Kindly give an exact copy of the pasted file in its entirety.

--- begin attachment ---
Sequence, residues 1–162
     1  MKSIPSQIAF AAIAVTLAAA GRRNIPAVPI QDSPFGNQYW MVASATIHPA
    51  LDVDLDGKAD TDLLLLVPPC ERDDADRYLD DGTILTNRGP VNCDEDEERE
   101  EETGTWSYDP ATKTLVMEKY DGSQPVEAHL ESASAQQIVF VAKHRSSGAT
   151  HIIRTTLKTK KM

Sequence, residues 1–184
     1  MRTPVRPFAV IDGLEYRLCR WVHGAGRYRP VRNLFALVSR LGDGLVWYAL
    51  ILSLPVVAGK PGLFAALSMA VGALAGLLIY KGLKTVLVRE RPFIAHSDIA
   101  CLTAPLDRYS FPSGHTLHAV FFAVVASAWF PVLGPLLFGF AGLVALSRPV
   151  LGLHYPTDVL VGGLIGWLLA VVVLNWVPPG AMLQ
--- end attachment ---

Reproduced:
Sequence, residues 1–162
     1  MKSIPSQIAF AAIAVTLAAA GRRNIPAVPI QDSPFGNQYW MVASATIHPA
    51  LDVDLDGKAD TDLLLLVPPC ERDDADRYLD DGTILTNRGP VNCDEDEERE
   101  EETGTWSYDP ATKTLVMEKY DGSQPVEAHL ESASAQQIVF VAKHRSSGAT
   151  HIIRTTLKTK KM

Sequence, residues 1–184
     1  MRTPVRPFAV IDGLEYRLCR WVHGAGRYRP VRNLFALVSR LGDGLVWYAL
    51  ILSLPVVAGK PGLFAALSMA VGALAGLLIY KGLKTVLVRE RPFIAHSDIA
   101  CLTAPLDRYS FPSGHTLHAV FFAVVASAWF PVLGPLLFGF AGLVALSRPV
   151  LGLHYPTDVL VGGLIGWLLA VVVLNWVPPG AMLQ